Arnold Voketaitis is now in his 38th year as a performing opera / concert artist. The internationally known bass-baritone has appeared with every major opera company in the United States (Lyric Opera of Chicago, San Francisco, New York City Opera, Metropolitan National and others), Mexico (Bellas Artes), Canada (Plaza des Artes), Spain (Teatro del Liceo), Central (Costa Rica) and South America (Venezuela —Teresa Carrena). Also, he has appeared with every major symphony orchestra (Chicago, New York Philharmonic, Philadelphia, Cleveland, Detroit, Minnesota, San Francisco and others). Featured on a half dozen Grammy-nominated recordings and television opera performances. This Connecticut -born Lithuanian has received the Man of the Year Award from the Balzekas Museum of Lithuanian Culture, and the Distinguished Alumni Medal from his alma mater, Quinnipiac College, as well as a Rockefeller Award.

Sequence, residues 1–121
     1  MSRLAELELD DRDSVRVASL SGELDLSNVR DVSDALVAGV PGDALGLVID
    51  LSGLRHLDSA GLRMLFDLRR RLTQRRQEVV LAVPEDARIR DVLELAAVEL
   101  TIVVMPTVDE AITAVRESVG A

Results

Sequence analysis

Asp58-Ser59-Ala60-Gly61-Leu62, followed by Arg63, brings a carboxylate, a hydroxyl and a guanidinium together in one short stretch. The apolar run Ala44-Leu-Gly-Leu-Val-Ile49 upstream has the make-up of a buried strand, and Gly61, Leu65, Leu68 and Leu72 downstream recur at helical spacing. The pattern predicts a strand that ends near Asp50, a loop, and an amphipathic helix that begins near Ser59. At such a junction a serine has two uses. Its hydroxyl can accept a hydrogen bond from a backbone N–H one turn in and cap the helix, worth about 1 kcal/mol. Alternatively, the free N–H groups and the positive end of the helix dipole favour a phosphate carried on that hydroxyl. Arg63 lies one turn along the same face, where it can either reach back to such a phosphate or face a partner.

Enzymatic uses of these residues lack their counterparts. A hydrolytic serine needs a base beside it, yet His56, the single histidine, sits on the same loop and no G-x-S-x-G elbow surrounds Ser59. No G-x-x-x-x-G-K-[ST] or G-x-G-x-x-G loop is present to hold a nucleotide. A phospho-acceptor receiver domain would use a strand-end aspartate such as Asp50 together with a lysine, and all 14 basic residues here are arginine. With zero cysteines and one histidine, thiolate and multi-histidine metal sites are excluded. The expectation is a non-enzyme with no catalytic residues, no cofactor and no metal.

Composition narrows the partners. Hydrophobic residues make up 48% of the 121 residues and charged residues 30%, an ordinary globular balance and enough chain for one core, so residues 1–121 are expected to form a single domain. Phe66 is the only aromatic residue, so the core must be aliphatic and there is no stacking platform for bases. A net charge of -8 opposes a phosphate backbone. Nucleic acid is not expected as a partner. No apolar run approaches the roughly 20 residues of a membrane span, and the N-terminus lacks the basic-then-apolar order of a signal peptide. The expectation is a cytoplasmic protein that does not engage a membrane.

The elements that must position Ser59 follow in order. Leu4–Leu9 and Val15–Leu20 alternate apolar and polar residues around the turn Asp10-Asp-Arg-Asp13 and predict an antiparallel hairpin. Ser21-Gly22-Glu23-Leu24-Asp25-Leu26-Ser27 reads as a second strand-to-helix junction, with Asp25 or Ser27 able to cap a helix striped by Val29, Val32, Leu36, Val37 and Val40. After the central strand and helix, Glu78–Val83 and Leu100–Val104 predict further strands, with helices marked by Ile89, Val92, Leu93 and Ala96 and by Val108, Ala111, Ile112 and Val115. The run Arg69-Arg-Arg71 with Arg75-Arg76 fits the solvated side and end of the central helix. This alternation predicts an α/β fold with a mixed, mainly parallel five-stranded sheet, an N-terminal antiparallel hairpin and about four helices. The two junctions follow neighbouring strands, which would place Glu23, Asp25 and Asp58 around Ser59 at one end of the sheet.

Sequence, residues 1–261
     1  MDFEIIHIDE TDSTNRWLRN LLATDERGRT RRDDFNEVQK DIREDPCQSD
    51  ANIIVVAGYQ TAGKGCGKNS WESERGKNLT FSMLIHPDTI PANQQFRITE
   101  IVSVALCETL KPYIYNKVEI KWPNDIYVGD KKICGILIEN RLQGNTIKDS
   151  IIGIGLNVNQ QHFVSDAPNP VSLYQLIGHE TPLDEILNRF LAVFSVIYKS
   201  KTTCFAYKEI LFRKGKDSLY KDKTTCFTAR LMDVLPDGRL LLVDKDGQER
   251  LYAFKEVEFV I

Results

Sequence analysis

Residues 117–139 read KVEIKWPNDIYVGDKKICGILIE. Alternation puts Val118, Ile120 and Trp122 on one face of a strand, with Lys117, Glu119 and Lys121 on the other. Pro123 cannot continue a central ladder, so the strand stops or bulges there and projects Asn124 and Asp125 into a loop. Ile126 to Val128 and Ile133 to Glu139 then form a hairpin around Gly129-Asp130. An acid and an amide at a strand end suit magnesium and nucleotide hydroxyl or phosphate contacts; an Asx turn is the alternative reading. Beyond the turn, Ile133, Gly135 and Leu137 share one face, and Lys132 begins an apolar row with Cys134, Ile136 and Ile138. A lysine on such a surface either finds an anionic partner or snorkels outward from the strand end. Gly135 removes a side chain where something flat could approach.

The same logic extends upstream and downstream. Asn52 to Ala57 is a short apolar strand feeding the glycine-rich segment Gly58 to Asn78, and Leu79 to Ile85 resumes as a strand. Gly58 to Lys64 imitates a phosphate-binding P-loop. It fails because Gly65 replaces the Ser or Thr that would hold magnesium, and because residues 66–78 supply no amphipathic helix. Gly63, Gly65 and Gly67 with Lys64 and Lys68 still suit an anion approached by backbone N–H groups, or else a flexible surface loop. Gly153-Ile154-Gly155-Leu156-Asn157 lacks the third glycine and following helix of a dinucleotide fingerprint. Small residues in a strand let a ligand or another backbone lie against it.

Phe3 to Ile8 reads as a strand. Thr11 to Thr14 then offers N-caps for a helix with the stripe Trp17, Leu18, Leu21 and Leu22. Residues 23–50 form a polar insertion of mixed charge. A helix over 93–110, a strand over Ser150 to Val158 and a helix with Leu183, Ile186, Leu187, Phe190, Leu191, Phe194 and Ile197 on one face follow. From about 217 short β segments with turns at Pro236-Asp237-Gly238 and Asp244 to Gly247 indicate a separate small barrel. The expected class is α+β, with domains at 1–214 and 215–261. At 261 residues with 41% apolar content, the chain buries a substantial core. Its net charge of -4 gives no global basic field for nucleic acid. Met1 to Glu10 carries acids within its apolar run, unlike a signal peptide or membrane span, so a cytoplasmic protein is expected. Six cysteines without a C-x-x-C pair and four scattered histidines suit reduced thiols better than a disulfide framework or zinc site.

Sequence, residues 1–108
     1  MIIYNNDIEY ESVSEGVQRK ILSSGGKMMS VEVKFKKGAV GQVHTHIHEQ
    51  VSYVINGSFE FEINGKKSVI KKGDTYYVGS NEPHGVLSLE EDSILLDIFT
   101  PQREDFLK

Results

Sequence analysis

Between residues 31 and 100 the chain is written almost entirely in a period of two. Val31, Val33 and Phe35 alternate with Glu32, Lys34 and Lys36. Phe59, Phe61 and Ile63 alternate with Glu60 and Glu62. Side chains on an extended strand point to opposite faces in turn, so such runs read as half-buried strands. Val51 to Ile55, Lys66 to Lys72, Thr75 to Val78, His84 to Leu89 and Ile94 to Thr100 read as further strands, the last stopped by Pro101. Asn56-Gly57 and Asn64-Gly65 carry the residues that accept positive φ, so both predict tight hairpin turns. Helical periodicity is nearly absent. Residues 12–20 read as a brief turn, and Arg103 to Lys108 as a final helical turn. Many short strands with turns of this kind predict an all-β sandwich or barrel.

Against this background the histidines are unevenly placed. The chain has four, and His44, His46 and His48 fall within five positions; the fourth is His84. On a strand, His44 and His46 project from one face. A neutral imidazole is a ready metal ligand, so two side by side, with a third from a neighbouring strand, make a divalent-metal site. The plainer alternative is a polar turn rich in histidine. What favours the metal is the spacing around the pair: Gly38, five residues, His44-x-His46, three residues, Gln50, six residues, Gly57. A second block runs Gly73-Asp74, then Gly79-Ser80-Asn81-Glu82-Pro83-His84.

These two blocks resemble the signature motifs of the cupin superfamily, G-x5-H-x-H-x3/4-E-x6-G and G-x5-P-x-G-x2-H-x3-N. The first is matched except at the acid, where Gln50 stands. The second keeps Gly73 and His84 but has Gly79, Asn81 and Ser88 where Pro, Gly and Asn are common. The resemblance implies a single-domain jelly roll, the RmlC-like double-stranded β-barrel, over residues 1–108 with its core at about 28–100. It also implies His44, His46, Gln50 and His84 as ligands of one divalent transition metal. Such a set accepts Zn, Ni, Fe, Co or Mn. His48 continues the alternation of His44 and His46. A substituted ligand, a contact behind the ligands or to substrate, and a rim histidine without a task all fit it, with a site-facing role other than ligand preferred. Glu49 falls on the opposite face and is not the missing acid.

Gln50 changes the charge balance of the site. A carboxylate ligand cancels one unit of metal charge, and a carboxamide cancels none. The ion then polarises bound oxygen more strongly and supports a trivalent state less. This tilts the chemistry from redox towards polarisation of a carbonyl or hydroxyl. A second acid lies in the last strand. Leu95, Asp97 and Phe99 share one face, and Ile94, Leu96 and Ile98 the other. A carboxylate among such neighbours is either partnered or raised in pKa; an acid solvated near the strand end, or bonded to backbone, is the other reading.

In academia, he was Visiting Scholar / Artist-in-Residence for Opera and Voice at Auburn University in Alabama, Director of Opera at DePaul University in Chicago, and guest lecturer at Northwestern University. He produces and directs opera, gives Master classes in voice, and lecturers on techniques for the musical stage. He continues to perform.